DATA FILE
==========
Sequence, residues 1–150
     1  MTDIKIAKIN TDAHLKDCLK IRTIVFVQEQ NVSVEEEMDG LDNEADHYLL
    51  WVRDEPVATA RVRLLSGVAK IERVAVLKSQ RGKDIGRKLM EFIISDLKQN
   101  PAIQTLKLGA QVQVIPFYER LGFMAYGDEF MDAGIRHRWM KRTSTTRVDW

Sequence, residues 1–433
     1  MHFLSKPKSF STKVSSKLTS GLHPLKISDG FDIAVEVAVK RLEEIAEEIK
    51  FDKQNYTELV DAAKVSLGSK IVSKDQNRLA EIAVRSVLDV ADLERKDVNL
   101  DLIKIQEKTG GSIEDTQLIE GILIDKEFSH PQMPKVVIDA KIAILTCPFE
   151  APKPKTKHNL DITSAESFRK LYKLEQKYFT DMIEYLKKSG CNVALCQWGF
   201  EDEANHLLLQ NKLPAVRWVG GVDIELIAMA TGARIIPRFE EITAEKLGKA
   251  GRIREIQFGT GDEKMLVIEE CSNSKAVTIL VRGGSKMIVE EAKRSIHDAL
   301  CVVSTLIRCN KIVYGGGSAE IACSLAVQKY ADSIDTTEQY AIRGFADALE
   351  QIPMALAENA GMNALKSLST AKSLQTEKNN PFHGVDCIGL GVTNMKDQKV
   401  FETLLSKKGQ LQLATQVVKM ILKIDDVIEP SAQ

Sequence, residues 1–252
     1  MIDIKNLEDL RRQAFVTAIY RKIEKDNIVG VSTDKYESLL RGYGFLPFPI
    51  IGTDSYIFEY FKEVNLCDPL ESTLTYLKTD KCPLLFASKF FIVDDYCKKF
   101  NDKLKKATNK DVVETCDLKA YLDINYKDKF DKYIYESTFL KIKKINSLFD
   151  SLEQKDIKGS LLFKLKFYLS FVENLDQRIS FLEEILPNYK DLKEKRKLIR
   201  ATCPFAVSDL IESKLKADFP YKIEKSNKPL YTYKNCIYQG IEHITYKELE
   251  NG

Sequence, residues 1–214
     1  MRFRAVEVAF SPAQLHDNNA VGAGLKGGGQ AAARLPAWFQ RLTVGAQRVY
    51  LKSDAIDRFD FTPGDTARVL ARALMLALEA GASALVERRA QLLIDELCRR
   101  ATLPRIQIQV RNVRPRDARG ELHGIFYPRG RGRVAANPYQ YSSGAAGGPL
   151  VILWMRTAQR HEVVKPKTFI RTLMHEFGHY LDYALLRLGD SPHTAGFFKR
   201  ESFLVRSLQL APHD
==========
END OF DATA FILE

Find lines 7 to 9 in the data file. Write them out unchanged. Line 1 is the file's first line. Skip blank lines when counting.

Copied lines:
    51  FDKQNYTELV DAAKVSLGSK IVSKDQNRLA EIAVRSVLDV ADLERKDVNL
   101  DLIKIQEKTG GSIEDTQLIE GILIDKEFSH PQMPKVVIDA KIAILTCPFE
   151  APKPKTKHNL DITSAESFRK LYKLEQKYFT DMIEYLKKSG CNVALCQWGF